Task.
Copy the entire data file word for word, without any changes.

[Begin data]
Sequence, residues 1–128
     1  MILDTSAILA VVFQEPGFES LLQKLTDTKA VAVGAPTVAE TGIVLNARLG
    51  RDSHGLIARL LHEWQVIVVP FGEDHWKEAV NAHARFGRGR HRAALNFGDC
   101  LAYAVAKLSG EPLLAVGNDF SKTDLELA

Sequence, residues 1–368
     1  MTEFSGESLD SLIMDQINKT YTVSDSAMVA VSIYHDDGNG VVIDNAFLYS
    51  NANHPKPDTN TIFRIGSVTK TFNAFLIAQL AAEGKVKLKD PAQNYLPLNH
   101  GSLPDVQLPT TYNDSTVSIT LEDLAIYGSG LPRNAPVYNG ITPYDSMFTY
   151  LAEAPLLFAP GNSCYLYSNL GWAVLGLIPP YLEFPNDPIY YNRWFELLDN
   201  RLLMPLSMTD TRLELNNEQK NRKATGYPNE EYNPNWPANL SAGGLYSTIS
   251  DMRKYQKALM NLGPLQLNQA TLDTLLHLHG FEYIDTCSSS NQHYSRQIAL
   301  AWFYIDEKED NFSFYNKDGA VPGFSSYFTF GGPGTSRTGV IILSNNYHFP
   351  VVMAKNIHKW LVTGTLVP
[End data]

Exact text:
Sequence, residues 1–128
     1  MILDTSAILA VVFQEPGFES LLQKLTDTKA VAVGAPTVAE TGIVLNARLG
    51  RDSHGLIARL LHEWQVIVVP FGEDHWKEAV NAHARFGRGR HRAALNFGDC
   101  LAYAVAKLSG EPLLAVGNDF SKTDLELA

Sequence, residues 1–368
     1  MTEFSGESLD SLIMDQINKT YTVSDSAMVA VSIYHDDGNG VVIDNAFLYS
    51  NANHPKPDTN TIFRIGSVTK TFNAFLIAQL AAEGKVKLKD PAQNYLPLNH
   101  GSLPDVQLPT TYNDSTVSIT LEDLAIYGSG LPRNAPVYNG ITPYDSMFTY
   151  LAEAPLLFAP GNSCYLYSNL GWAVLGLIPP YLEFPNDPIY YNRWFELLDN
   201  RLLMPLSMTD TRLELNNEQK NRKATGYPNE EYNPNWPANL SAGGLYSTIS
   251  DMRKYQKALM NLGPLQLNQA TLDTLLHLHG FEYIDTCSSS NQHYSRQIAL
   301  AWFYIDEKED NFSFYNKDGA VPGFSSYFTF GGPGTSRTGV IILSNNYHFP
   351  VVMAKNIHKW LVTGTLVP